The United States Supreme Court building also known as The Marble Palace in Washington, DC.

It’s Time for an Ethics Code for the Supreme Court

Photo by: Nick Wolf | Earthjustice Action
Blog by: Geoff Nolan | Earthjustice Action

It’s another day and another ethics scandal for the United States Supreme Court. Recently, ProPublica published a bombshell report detailing the ethical lapses of another justice sitting on the bench of our nation’s highest court. This time, Justice Samuel Alito failed to disclose a luxury vacation—complete with private jet travel and accommodations at an exclusive Alaska resort—all paid for by another billionaire conservative donor.

If it sounds like DeJa’Vu, you’re not wrong. Earlier this year, ProPublica published a series of reports detailing numerous questionable interactions between Justice Clarence Thomas and billionaire and Republican mega-donor Harlan Crow. For many years, Crow bought properties from Thomas, paid for the school tuition of Thomas’s grandnephew at a private boarding school, and invited Thomas on numerous luxurious vacations, often while traveling on his private jet and yacht.

If this behavior came from any other government official—from your local city council members to Members of Congress—we’d expect some consequences. In fact, numerous laws bar elected officials from receiving the types of lavish gifts bestowed upon Justices Thomas and Alito. But the rules governing the Supreme Court are different. While other federal judges abide by the Code of Conduct for United States judges, the Supreme Court is the only federal court without a binding ethical code. What’s more, the Supreme Court itself is responsible for holding its own justices accountable for any ethical lapses and administering the appropriate consequences.

The inability—or unwillingness—by the Supreme Court to hold itself to the highest ethical standards is contributing to its historically low trust ratings from broad swaths of the American public. It’s exacerbated a crisis of confidence in the court, where a rash of radical decisions overturning well-established precedent has created the public perception of a Supreme Court too involved in politics. This political radicalization, paired with the numerous and well-documented cases of ethical mishaps, is having a major impact on public opinion. Following media reports on Justice Clarence Thomas’ behavior and almost one year after the highly unpopular Dobbs decision that overturned a 51-year precedent, took away a constitutional right from millions of women, and restricted abortion access nationwide, a new poll conducted by Marquette Law School found that 59 percent of U.S. adults disapprove of the current Supreme Court.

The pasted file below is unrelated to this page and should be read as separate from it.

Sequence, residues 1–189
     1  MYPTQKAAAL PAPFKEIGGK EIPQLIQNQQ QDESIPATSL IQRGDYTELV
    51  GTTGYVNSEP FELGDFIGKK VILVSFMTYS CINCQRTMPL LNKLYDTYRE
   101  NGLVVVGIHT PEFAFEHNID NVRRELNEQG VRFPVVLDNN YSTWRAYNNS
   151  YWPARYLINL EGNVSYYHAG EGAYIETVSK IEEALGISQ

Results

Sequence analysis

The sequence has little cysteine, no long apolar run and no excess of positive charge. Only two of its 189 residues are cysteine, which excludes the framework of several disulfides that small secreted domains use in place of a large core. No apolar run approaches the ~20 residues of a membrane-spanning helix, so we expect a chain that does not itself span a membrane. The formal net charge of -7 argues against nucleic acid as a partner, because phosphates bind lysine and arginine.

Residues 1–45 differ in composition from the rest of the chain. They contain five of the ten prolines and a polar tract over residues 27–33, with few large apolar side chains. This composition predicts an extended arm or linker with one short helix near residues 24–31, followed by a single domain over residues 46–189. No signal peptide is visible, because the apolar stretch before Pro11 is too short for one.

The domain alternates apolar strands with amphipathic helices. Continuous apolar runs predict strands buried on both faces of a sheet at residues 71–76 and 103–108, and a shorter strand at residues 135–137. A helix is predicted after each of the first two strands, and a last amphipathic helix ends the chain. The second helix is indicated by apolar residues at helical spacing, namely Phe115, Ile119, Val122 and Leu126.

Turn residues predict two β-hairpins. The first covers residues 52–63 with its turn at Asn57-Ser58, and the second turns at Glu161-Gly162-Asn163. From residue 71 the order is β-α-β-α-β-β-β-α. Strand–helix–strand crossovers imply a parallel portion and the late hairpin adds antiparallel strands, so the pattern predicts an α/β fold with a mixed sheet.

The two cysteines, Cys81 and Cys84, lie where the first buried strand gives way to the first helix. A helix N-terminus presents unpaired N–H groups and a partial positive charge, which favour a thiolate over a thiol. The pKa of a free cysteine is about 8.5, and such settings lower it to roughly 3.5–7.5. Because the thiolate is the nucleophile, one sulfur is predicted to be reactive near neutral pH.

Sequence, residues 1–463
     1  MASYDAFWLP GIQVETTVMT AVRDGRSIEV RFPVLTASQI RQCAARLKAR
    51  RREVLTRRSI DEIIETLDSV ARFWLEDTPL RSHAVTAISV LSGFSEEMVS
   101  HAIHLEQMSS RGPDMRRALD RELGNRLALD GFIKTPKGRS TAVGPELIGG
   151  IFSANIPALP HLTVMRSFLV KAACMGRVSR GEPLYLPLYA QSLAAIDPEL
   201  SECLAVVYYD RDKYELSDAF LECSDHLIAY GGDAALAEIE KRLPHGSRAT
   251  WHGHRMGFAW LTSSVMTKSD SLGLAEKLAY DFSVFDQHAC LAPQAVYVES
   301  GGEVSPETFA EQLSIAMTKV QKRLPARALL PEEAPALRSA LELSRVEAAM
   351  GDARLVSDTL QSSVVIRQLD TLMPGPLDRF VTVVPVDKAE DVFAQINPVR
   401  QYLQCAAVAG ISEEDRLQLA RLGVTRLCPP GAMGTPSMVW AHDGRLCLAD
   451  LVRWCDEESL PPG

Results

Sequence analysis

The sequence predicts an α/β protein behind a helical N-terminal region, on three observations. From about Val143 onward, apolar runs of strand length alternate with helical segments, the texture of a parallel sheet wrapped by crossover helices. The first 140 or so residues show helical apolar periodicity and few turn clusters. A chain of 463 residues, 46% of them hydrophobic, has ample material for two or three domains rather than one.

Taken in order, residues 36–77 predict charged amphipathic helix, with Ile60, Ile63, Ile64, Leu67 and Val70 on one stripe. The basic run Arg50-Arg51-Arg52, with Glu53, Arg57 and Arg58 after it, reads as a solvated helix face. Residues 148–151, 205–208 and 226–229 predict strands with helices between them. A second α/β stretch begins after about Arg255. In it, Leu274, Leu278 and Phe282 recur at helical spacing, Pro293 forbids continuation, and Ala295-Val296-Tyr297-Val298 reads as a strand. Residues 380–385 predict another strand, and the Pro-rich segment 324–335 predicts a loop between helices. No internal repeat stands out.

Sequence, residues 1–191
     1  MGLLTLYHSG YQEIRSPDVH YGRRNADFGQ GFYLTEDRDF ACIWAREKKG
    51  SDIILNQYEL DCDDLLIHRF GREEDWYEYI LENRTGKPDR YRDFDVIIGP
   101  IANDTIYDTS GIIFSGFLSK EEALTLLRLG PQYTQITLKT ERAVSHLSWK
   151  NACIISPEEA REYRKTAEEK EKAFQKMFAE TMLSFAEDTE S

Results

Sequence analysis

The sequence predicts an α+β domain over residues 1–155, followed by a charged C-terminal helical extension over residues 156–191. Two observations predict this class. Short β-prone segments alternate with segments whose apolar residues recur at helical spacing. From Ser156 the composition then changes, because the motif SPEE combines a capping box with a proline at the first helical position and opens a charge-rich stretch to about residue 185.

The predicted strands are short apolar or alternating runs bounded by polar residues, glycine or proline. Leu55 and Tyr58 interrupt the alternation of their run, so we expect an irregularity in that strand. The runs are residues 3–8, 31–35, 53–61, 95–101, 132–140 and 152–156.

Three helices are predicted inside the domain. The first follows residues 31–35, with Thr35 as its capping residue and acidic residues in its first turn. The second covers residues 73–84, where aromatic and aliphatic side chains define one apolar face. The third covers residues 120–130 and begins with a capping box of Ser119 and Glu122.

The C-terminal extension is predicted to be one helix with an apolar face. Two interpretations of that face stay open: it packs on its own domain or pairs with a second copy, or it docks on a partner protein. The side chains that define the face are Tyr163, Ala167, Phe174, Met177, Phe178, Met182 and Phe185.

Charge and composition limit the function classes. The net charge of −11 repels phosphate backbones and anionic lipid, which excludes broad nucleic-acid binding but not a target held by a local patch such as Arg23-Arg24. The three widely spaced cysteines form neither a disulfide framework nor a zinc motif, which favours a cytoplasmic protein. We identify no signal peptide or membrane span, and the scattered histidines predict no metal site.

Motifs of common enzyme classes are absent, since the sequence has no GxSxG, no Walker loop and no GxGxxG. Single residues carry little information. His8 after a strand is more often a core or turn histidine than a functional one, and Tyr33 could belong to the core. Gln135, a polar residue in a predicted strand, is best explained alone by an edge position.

Our courts are most effective when they function as fair and independent arbiters of justice both in theory and in practice. For all the inequalities present in American society, our courts should be above the fray. Every citizen, no matter their background or class, should be able to walk through the courthouse doors and receive equal treatment under the law. When Supreme Court justices accept luxury vacations and other gifts from billionaires with business before the court, it shatters the legitimacy and perception of the court’s independence from special interests. Even the perception that this court is prioritizing the interests of the wealthy and well-connected over the public interest is enough to create deep public mistrust in one of our country’s most important institutions.

We need transparency and accountability from the justices on the highest court in the land, and that starts with ethics reform. Central to this is an enforceable Code of Conduct similar to the ethics governing other federal judges. It includes following clear and transparent rules on recusals, guidelines on political participation, and a mechanism to enforce compliance with the strongest ethical standards. Additionally, Congress must play an active role in providing rigorous oversight of the conduct of ethical violations by Supreme Court justices, especially if the court refuses to hold its justices to high ethical standards.

Courts are the backbone of our democracy, and it’s critical that the judges and justices who comprise them adhere to the most robust ethical standards and reject any behaviors that give rise to impropriety or bias. Failure to do so will only exacerbate the crisis of confidence this court faces in the public eye. The stakes are far too high for us to ignore it any longer.

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